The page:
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tlarkin
September 21st, 2009, 01:53 AM
So,

On my Vista box I just downloaded the new (new to me as I am just now dabbling with it) Windows PowerShell add on. It basically adds a bunch of command line binaries for more robust command line work. A lot of Unix-like binaries are present (ls, echo, pwd, rm, and so forth) and from what I have read you can develop with it. Scripts for automation and so forth.

Has anyone tried any of the powershell stuff out? Here is a link to the main site:

http://www.microsoft.com/windowsserver2003/technologies/management/powershell/default.mspx


I am curious as to how well the powershell works with non Microsoft systems, as I would love to start integrating Windows scripts that could talk and be robust enough with some Linux servers.

Sounds interesting to me.

Thoughts?

jrusso2
September 21st, 2009, 01:55 AM
Pretty sure its Windows only.

tlarkin
September 21st, 2009, 01:58 AM
Pretty sure its Windows only.

Oh, it is totally 100% Windows only, but it is Microsoft's answer to a lousy command line binary system, which Linux/Unix has. For example, if I wrote log in hook shell scripts for my Macs/Linux boxes that would search for strings of information and then update a database for a specific task, I could write scripts for that.

I would like to write powershell scripts to do the same thing and update that same database on the Windows side.

I am just asking if anyone has developed for powershell yet, and if so what do they think about it is all.

Sorry, guess I should have been more clear.

toupeiro
September 21st, 2009, 07:31 AM
Windows powershell is basically a CLI frontend to .NET framework.

Those unix-like binaries that were referenced are not binaries at all. Their aliases, or as Microsoft calls them, cmdlets... they are shortcuts to Powershell commands that have a common UNIX equivalent function, which is why they provide them by default. I have several custom defined cmdlets in my powershell environment. Powershell is very powerful. One of the great things about it is powershell's ability to interpret other shell environments and languages, including bash, korn, java, and perl. It is a microsoft-only environment, and if you work and support microsoft environments, I recommend getting very familiar with it, as it will save you tons of work!

I've done some pretty amazing things with DOS batch, vbs and wmi, so I would hardly call Microsofts OS commandline power lousy. Cryptic, maybe, but not lousy. Powershell did, however, make it more intuitive, less limiting, and .. for lack of a better description, more UNIX-like. Its a great step for them.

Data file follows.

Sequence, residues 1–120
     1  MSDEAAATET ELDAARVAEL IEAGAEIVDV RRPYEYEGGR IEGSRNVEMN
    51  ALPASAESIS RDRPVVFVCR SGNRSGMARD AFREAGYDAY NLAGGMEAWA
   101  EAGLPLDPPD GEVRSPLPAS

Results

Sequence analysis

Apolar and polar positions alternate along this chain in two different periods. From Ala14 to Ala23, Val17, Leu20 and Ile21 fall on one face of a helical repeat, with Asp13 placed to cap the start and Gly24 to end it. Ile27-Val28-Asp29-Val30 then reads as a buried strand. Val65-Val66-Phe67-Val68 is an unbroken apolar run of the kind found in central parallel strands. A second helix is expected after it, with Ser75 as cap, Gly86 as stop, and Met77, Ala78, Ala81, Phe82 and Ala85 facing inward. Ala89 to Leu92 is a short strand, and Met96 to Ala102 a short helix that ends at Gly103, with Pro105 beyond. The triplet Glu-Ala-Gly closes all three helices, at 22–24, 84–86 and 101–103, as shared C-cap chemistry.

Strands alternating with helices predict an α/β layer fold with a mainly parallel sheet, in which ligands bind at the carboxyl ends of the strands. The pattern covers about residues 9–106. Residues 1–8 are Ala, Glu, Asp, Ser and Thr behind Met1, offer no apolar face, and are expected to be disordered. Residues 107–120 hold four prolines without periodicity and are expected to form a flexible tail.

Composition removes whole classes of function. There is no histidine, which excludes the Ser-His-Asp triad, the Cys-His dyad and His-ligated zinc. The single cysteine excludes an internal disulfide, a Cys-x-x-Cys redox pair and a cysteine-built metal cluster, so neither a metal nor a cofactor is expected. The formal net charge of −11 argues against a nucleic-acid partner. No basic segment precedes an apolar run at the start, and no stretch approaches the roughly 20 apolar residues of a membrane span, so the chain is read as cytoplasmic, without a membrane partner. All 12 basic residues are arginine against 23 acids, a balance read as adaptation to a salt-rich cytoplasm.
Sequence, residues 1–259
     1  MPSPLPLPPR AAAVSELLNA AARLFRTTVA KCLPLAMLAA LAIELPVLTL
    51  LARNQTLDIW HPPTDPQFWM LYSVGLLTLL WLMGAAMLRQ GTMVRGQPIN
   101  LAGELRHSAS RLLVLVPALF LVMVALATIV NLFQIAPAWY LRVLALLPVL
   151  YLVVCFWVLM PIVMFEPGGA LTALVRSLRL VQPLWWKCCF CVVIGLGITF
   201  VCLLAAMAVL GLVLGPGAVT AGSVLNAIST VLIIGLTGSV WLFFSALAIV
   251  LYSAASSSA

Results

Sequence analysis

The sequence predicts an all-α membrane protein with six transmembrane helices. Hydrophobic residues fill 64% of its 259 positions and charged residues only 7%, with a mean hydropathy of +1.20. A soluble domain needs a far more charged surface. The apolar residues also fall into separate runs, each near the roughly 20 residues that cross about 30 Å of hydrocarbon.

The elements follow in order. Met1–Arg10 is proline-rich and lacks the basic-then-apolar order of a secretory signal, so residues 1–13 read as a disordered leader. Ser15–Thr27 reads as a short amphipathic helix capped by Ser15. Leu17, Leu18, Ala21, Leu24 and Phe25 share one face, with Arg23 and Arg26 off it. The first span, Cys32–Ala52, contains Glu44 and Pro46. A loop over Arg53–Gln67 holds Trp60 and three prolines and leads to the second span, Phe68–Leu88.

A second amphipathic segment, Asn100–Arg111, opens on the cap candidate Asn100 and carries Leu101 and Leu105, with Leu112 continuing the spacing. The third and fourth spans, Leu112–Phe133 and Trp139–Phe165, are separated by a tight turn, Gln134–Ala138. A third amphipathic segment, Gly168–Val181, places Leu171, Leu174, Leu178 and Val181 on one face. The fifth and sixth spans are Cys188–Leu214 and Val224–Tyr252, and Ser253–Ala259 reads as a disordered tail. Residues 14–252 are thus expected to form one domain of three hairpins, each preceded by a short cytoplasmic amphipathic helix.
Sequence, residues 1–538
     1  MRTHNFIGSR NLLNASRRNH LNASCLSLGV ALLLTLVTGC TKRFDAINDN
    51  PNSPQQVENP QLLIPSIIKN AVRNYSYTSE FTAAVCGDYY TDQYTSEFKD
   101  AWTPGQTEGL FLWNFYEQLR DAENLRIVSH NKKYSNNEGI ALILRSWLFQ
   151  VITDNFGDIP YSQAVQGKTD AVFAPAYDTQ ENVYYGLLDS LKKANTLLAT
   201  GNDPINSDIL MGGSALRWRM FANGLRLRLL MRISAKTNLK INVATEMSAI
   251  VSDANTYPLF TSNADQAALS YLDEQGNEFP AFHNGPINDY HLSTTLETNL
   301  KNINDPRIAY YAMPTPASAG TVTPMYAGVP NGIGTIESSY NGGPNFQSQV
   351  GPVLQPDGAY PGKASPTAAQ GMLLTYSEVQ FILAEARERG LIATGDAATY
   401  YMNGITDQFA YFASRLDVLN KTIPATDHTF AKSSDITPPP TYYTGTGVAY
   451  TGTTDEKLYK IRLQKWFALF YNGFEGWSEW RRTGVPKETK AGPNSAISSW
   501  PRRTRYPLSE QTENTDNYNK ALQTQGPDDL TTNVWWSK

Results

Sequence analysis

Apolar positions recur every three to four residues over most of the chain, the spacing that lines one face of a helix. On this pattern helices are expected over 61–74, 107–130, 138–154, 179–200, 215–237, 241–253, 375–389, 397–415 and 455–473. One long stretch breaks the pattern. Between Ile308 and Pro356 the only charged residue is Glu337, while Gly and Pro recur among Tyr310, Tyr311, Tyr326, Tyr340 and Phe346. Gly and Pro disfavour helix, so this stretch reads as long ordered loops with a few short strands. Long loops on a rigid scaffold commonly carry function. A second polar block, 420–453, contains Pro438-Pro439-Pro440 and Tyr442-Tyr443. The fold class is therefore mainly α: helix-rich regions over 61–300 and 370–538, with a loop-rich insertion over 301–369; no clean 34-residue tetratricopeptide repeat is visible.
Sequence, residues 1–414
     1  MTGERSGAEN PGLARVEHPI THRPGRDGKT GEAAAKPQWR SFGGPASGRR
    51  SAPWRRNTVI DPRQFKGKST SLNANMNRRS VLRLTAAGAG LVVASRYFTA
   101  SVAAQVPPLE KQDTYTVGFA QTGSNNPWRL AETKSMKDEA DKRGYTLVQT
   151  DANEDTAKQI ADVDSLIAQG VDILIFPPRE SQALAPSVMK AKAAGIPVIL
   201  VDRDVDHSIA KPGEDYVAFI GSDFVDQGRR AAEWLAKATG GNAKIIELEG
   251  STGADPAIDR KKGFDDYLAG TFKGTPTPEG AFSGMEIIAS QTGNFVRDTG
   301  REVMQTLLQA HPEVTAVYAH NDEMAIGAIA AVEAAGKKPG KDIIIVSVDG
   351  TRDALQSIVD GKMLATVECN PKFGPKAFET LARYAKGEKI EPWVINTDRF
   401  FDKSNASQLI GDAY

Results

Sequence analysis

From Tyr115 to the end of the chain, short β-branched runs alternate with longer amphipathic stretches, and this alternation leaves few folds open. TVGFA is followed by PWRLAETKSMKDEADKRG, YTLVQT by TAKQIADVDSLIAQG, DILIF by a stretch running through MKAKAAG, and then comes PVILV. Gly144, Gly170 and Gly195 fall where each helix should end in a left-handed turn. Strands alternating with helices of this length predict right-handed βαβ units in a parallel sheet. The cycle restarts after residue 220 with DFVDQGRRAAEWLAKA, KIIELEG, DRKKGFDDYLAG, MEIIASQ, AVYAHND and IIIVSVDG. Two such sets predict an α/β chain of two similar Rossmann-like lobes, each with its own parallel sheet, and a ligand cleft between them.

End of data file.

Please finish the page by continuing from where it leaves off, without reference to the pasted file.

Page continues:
The middle-ground for integrating powershell for linux is virtualizing. If you are running something like ESXi, with a vCenter, then you can run powershell scripts against the vCenter to get, and manipulate information in your virtual environments. Even, your linux ones! In fact, VMWare offers a free powershell API which you can download off of their site.

purgatori
September 21st, 2009, 08:13 AM
I gave it a shot awhile back and found it extremely lacking. It has a fraction of the functionality of the Unix console.

juancarlospaco
September 21st, 2009, 08:13 AM
Windows CLI is not user friendly or easy to use...

cunawarit
September 21st, 2009, 11:23 AM
I've used it, but admittedly I haven't given it a serious go due to lack of time... But I'll do so sometime.

Right now I use it in conjunction with Bash (Running on Cygwin), so I create Bash scripts that run PowerShell scripts occasionally when need be.

Given my limited experience I find it hard to give it my full endorsement, but certainly interesting and gives more options to Windows users.

As for using it on a non-Windows system, there's PASH: http://pash.sourceforge.net/ . I have no idea at all how good it is.

Greg
September 21st, 2009, 11:28 AM
It's basically C# over a REPL. That makes it great for anyone who already knows how to code C#, makes it pretty powerful, but also means that it's more a programming language than a shell. While the UNIX shells rely on the less advanced method of parsing, Powershell passes objects. The UNIX method is far easier when it comes to every day use, but where the core use of Powershell is, it's closer to say python's in the *nix community.

szymon_g
September 21st, 2009, 11:58 AM
/me is curious how does it look compared to python

does python have any bindings with .NET framework?

tlarkin
September 21st, 2009, 02:38 PM
Thanks for the replies...

I am working on a few web based applications for my job (I am an OS X Administrator) and most of them are using bash under the hood to get the job done. We also have several thousand windows clients as well which I would like to accomplish some of the same things and saw powershell and thought I'd give it a go.

I am not a programmer though, but I can write scripts in shell and perl.